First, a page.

GNU Radio / CMake

Let’s talk about GNU Radio’s build system, because it seems to get more and more cluttered over time. If things don’t work, people just add stuff until it finally compiles – on Ubuntu. And maybe some other distros.

Let’s, for example, look at the includes:


LOG4CXX_INCLUDE_DIRS is never defined. So some lines below someone made another attempt:


It’s not added to the above list (where it would be obvious that something goes wrong), but added as a new statement. OK. At least, we managed to included log4cpp in UHD. Makes a lot of sense, because UHD uses log4cpp, right?

Nope. UHD uses GNU Radio runtime, which in turn uses log4cpp.

Woot?!?! But it already included ${GNURADIO_RUNTIME_INLCUDE_DIRS}.

Yes, but that’s basically just another name for gnuradio-runtime/include, i.e., the definition is not really helpful and doesn’t provide dependency tracking whatsoever.



Depends. Every module uses it differently, but none in an actual useful manner. Let me explain.

Often, ${GR_XXX_INCLUDE_DIRS} is just another name for gr-XXX/include. That’s not wrong, but also not really helpful, as demonstrated by the above example.

Instead of adding log4cpp to ${GNURADIO_RUNTIME_INCLUDE_DIRS}, we have to know that runtime depends on log4cpp and manually add it to every module that uses GNU Radio runtime. Not really intuitive, pretty ugly, and a pain if dependencies change. Because then, every module that uses runtime has to be updated (and every module that uses a module that uses GNU Radio runtime, of course).

Apart from that, it’s buggy and not added in all modules. The only reason why GNU Radio compiles on some platforms is that log4cpp lives in a directory that is already included by other libraries (like boost, uhd, gsl, fftw, etc.).

On my homebrew installation that was not the case and, consequently, GNU Radio failed to compile. Following the nonsense semantic, this required a really ugly patch.

Another possible definition of ${GR_XXX_INCLUDE_DIRS} is:


This defines a global variable (for use in other modules) that references an internal directory (lib). The headers in lib are, however, only needed to compile the module, but not required by an external module that just uses it. So this doesn’t make any sense at all.

In my opinion, the only meaningful definition is that ${GR_XXX_INCLUDE_DIRS} contains the include directories needed when using XXX. This semantic is, however, not adopted in any module.

Not all includes are the same

Note that this does not mean that all includes of XXX should be added to ${GR_XXX_INCLUDE_DIRS}, but only the ones that are needed when using XXX.

An example. The base class of all GNU Radio blocks is defined in gnuradio/block.h, which includes gnuradio/logger.h, which includes log4cpp. This means any block (in any module) has to include this header and, therefore, indirectly also log4cpp. For that reason, log4cpp should clearly be in ${GNURADIO_RUNTIME_INCLUDE_DIRS}. In other words, a module should export its own includes and all includes referenced by the public headers.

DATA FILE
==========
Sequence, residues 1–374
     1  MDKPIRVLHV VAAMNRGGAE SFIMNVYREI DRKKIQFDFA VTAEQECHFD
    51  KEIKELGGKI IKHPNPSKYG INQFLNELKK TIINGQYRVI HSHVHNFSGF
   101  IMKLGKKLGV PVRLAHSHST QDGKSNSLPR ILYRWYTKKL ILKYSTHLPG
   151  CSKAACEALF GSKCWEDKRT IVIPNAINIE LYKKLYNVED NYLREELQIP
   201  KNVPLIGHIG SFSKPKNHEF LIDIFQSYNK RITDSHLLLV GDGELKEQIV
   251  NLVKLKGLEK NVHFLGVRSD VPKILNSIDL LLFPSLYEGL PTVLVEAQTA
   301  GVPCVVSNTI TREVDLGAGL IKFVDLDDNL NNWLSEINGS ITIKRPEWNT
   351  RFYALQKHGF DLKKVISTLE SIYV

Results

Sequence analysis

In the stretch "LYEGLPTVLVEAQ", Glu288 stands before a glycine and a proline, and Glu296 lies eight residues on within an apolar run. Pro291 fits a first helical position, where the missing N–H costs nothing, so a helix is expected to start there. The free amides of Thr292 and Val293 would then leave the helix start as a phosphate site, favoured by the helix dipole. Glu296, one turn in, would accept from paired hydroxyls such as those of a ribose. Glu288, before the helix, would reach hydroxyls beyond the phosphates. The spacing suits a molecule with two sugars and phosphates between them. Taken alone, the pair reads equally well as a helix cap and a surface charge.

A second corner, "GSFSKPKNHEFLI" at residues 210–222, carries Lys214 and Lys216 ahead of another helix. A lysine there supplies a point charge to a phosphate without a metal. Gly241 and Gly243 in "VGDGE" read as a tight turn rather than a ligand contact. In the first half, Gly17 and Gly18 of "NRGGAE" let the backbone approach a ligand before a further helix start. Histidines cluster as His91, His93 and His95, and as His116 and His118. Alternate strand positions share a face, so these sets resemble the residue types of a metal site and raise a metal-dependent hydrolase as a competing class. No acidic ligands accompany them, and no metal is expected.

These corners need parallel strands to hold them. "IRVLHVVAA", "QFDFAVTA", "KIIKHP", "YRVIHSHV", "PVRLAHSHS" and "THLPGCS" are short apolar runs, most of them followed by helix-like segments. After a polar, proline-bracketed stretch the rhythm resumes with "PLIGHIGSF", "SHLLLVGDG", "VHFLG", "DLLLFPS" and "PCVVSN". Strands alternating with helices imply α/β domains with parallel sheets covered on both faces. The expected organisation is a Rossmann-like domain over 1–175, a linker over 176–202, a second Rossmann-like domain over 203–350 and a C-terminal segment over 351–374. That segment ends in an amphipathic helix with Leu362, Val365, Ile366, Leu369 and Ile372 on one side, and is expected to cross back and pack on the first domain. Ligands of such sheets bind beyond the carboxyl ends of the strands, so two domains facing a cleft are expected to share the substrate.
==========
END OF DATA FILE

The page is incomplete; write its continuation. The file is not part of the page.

If, in contrast, a module uses a library internally (let’s say a .cc-file includes math to compute something), this should, of course, not be part of the exported includes, but added directly to gnuradio-runtime/lib/CMakeLists.txt.

And Linked Libraries?

Same here. Also no dependency tracking. DTV, for example, adds GSL to its library search path; not because it uses it, but because it uses FEC, which, in turn, uses GSL.

In my opinion, DTV should not have to care what FEC is linked against. The confusion is well reflected by log4cpp, which is indirectly referenced by all modules.

  • Some modules just link against runtime and that’s it (see gr-analog).
  • Some modules put ${LOG4CPP_LIBRARY_DIRS} in the search path and link against runtime (see gr-trellis).
  • Some modules put ${LOG4CPP_LIBRARY_DIRS} in the search path and link against runtime and log4cpp even though they don’t use it directly (see gr-audio).
  • Some modules link against runtime and log4cpp even though they don’t use it directly (see gr-blocks).

Btw, linking against log4cpp and adding it to the library search path doesn’t make much sense, since the library is referenced by an absolute path. Furthermore, since cmake adds library locations to the RPATH during build, the first (and simplest) option is perfectly fine and should, therefore, be preferred. The others just add unnecessary bloat.

I made a dependency graph of the GNU Radio modules and libraries. The red arrows show indirect dependencies that, currently, have to be added manually to CMake. (I didn’t draw all the red arrows to log4cpp.)

I’m currently working on a series of patches to implement the suggested semantics. I hope that this simplifies the build system and makes it more intuitive. If you have any comments or opinions, let me know.